Background: Caffeine is a widely consumed psychoactive stimulant and is of epidemiologic interest. Major sources of caffeine are challenging to standardize, and the use of biomarkers is proposed as an alternative means of assessing intake. Objective:Wedescribed urine caffeine and caffeine metabolite concentrations (n = 2466) and excretion rates (n = 2261) in the US population ≥6 y by age, sex, race-ethnicity, and caffeine intake (from foods, beverages, and dietary supplements). Methods: We measured caffeine and 14 of its metabolites in spot urine samples from the cross-sectional NHANES 2009-2010 by use of LC-tandem mass spectrometry. Results: Caffeine and its metabolites were detectable in the urine of most persons, generally at concentrations ≥1 μmol/L. Median concentrations (95%CI) ranged from0.560 (0.497, 0.620) μmol/L to 58.6 (48.6, 67.2) μmol/L; median excretion rates from 0.423 (0.385, 0.468) nmol/min to 46.0 (40.7, 50.2) nmol/min. Urine concentrations and excretion rates for 9 analytes (caffeine, theophylline, paraxanthine, 1-methylxanthine, 1-methyluric acid, 1,3-dimethyluric acid, 1,7-dimethyluric acid, 1,3,7-trimethyluric acid, and 5-acetylamino-6-amino-3-methyluracil) had moderate correlations with caffeine intake (Spearman ρ = 0.55-0.68, P < 0.0001); the remaining analytes had low correlations (ρ = 0.15-0.33, P < 0.0001). We observed larger differences in geometricmean concentrations and excretion rates between the highest vs. lowest quartiles of caffeine intake for these 9 compounds than the rest. Consistent with dietary caffeine intake, we observed that urine concentrations and excretion rates for most compounds were significantly (P < 0.05) higher in men than women, non-Hispanic whites than Hispanics and non-Hispanic blacks, and highest in persons aged 40-59 y. Conclusion: Excretion of caffeine and its metabolites in urine is common in the US population. According to the observed associations between spot urine concentrations or excretion rates with caffeine intake, several of these compounds show promise as potential biomarkers of caffeine intake.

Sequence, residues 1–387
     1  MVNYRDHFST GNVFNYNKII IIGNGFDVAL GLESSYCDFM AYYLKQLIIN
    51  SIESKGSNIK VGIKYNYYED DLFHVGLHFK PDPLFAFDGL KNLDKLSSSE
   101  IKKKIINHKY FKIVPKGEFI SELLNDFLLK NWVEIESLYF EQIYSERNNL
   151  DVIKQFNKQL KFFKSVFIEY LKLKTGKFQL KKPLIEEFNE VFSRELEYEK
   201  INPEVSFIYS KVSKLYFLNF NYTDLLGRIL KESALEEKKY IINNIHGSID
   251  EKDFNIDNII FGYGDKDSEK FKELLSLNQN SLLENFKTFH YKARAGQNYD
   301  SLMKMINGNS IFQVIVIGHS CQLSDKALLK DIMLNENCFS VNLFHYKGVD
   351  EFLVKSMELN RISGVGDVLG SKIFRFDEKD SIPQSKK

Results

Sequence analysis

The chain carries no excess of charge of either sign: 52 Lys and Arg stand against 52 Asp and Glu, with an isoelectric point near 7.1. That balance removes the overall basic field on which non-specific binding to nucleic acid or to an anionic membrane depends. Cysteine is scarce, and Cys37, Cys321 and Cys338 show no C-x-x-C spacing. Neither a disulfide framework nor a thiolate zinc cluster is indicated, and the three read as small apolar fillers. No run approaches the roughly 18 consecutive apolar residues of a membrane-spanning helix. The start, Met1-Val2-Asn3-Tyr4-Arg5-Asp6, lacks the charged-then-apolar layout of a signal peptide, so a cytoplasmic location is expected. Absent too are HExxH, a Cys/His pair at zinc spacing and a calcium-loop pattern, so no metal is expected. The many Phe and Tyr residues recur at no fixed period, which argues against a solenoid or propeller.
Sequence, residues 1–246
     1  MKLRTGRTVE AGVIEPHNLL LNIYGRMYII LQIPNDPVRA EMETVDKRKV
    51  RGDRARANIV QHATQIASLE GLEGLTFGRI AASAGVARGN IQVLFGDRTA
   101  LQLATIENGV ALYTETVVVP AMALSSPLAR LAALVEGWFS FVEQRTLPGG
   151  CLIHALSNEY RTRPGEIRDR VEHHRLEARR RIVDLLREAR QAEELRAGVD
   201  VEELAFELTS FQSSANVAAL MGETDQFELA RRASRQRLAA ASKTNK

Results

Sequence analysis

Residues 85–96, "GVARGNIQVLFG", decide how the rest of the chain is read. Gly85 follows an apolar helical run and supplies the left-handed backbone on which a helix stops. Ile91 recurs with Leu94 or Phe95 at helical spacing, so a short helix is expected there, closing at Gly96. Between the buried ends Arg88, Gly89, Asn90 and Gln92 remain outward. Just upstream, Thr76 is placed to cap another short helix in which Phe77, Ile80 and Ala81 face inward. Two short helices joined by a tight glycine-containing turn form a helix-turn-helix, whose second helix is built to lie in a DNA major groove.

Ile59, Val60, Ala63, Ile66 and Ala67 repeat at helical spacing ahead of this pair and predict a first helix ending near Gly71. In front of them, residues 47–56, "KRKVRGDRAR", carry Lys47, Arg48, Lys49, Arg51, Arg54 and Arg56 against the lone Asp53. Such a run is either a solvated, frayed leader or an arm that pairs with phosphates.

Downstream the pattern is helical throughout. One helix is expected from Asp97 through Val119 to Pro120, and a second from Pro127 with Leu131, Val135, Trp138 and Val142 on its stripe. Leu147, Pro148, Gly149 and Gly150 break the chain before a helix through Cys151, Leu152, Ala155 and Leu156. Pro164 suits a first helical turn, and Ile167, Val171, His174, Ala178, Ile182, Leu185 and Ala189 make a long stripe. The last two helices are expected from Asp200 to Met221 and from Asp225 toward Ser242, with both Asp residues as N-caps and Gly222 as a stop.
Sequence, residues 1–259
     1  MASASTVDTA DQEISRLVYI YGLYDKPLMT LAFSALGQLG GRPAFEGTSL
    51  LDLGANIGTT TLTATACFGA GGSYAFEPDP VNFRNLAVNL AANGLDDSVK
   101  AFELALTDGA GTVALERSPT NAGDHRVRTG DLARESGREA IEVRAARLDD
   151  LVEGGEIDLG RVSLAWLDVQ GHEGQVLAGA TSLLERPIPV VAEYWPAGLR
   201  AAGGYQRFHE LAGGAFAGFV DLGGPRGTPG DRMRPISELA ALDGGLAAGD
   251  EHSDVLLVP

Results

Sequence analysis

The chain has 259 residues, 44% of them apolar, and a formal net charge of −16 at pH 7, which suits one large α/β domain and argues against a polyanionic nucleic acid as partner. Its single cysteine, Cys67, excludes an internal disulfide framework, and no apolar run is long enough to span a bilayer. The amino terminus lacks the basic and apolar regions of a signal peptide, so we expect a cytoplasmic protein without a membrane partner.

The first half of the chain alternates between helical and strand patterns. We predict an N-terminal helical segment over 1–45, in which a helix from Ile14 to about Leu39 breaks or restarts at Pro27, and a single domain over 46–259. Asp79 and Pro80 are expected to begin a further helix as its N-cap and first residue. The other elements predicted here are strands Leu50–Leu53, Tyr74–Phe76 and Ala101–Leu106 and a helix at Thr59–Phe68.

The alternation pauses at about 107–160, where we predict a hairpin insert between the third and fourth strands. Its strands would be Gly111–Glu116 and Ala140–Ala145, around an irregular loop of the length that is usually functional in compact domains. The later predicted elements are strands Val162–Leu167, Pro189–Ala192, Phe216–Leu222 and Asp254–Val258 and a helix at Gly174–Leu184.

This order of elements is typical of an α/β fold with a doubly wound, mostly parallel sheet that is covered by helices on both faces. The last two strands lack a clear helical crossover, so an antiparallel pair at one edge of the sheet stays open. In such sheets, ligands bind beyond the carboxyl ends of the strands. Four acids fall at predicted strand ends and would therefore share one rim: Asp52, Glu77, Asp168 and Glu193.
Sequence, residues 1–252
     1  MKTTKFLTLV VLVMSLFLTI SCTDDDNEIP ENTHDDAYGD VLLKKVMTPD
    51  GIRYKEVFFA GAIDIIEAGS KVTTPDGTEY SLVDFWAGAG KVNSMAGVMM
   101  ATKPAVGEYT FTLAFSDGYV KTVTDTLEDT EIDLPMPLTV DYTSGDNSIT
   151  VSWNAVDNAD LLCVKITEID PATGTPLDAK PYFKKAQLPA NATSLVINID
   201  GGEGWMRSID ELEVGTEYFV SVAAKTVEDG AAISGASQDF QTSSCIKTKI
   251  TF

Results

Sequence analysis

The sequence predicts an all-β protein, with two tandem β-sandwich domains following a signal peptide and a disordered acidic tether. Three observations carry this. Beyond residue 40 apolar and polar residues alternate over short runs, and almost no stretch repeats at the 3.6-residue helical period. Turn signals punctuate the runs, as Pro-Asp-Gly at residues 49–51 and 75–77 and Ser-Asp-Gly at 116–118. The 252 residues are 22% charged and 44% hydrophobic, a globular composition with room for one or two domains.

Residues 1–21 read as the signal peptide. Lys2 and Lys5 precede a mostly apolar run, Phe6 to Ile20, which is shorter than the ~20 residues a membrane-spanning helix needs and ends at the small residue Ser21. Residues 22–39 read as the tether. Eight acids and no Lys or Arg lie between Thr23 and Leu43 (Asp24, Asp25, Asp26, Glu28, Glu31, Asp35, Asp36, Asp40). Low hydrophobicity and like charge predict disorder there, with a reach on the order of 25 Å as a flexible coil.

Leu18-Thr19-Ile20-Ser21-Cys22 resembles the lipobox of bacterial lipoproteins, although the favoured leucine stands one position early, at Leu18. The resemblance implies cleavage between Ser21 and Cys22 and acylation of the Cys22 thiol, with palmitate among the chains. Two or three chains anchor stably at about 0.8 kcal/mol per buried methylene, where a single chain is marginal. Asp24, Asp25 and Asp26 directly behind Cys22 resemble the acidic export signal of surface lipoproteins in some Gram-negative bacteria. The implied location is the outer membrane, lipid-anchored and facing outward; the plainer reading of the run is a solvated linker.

All Science Journal Classification (ASJC) codes
- Medicine (miscellaneous)
- Nutrition and Dietetics